In the study, a team of researchers from the Boston Children's Hospital carried out an experiment on pregnant mice. Michiko Oyoshi, lead researcher of the study, said that the question on whether mothers should eat foods that cause allergies during pregnancy or not has been controversial as various studies have concluded differently. This is because of the difficulty in determining when mothers and babies first eat a certain food. On the other hand, the exposure to food can be controlled in mouse studies, she explained.
The researchers found that pregnant mice that ate allergy-causing foods gave their offspring protective antibodies through breast milk. These antibodies caused the baby mice to produce allergen-specific regulatory T immune cells, allowing them to tolerate the allergenic foods.
In addition, they found that breast milk prevented anaphylactic shock, which is a serious and life-threatening reaction, as well as the production of immunoglobulin E and mast cells, which are telltale signs of an allergic response. Moreover, breast milk gave more protection when fed to unrelated offspring that were not exposed to allergy-causing foods in the womb.
Meanwhile, in other experiments, mothers who had never consumed any food that causes allergy were given the specific antibodies from other mothers, which also protected their breastfed babies. Furthermore, human breast milk given to mice with human antibodies made to respond to human antibodies also gave protection, which suggests that the study's findings can be applicable to humans.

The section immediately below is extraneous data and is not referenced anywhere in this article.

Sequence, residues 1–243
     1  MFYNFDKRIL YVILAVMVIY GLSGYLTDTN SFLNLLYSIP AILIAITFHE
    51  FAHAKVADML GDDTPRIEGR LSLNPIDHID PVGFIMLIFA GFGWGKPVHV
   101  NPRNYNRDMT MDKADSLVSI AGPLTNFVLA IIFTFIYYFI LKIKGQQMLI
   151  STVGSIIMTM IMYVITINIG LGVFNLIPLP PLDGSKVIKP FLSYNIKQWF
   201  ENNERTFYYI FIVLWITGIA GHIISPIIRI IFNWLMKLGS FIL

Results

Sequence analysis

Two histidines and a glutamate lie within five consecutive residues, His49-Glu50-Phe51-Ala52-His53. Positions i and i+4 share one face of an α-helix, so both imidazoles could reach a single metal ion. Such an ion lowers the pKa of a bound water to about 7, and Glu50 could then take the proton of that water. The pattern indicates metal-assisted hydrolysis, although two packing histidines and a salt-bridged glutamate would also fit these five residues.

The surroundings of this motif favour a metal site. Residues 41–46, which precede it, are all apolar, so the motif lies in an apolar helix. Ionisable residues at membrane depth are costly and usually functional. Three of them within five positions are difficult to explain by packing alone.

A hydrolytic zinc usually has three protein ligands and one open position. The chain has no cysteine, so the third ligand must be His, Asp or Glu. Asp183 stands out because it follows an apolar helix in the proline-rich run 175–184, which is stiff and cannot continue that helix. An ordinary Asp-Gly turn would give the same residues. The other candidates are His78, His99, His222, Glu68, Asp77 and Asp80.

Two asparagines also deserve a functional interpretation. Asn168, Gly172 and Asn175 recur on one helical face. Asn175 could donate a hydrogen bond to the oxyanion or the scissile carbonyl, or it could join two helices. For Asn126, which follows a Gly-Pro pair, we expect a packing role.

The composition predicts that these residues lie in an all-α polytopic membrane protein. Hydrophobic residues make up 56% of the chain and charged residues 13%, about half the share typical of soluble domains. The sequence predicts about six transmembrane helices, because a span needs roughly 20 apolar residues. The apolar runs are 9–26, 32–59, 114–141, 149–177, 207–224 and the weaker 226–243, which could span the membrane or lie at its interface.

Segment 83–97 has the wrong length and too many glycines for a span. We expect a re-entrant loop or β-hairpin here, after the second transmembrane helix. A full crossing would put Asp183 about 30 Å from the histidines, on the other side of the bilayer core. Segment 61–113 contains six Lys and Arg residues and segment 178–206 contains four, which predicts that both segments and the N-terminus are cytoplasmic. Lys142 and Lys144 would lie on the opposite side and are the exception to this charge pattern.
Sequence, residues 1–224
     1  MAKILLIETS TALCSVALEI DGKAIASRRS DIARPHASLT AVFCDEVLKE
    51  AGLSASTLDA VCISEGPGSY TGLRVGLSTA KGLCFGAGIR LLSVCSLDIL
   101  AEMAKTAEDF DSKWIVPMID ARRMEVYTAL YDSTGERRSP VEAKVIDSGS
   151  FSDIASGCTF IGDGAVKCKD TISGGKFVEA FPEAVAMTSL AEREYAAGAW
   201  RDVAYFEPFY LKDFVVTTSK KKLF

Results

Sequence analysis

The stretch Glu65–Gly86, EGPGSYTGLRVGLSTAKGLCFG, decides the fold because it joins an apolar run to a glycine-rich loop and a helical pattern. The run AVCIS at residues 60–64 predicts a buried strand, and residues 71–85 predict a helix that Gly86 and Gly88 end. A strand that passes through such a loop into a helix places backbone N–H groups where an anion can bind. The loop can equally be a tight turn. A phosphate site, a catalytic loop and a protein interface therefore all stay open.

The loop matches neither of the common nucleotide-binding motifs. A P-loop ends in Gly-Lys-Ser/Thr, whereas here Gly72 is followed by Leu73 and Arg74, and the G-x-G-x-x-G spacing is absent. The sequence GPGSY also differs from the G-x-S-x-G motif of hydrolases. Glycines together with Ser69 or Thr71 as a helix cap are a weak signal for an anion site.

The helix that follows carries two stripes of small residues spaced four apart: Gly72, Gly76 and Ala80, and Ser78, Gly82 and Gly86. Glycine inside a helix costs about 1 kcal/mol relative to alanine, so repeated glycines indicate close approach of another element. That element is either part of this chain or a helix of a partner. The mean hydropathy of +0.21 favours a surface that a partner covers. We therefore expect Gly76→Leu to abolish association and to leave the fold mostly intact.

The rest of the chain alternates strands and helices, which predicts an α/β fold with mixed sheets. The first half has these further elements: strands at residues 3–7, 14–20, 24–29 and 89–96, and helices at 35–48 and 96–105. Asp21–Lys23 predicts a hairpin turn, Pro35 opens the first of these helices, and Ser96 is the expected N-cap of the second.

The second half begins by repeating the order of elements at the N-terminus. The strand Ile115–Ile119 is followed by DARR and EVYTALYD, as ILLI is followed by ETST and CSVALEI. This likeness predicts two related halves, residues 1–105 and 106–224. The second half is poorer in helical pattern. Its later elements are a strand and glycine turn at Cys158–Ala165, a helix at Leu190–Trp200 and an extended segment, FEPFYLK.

The researchers also administered the breast milk of mothers unexposed to allergenic foods to the mice born to the mothers who consumed allergenic foods. The results revealed that there was still protection from the womb exposure but not as much as compared to when the mice were also exposed through breastfeeding. Additionally, they found that offspring remained food-tolerant even after the absence of the mother's antibody, indicating a long-lasting effect.
“If you combine both womb and breastfeeding exposure, you have optimal induction of food tolerance,” Oyoshi said.
The researchers also observed a step-by-step process of food tolerance. First, the antibodies in breast milk are passed on to the offspring through the help of a receptor called FcRn on intestinal cells. Then, these dendritic cells process a complex made up of antibody and allergen known as IgC-IC and present it on their surface through FcRn. In turn, this stimulates the production of allergen-specific T regulatory (Treg) cells, which then interact with other immune cells to prevent food allergy.
According to the latest data of the Centers for Disease Control and Prevention, breastfeeding rates continue to increase in the United States, as 79 percent of newborn babies started breastfeed in 2011. However, only 49 percent of them only breastfed for six months and 27 percent for one year. (Related: Let’s breastfeed! Or not?)
To encourage you to breastfeed, here are some benefits of breastfeeding:
Breast milk gives perfectly balanced meals.
It provides a natural protection against diseases.
Breastfeeding may reduce the risk of Sudden Infant Death Syndrome (SIDS).
Breastfeeding can lower the risk of asthma.
Nursing is also environment-friendly because it does not need any packaging or bottles.
Producing breast milk can help mothers lose weight.
Breastfeeding will save you money.
Find out more health benefits of breast milk at AlternativeMedicine.news.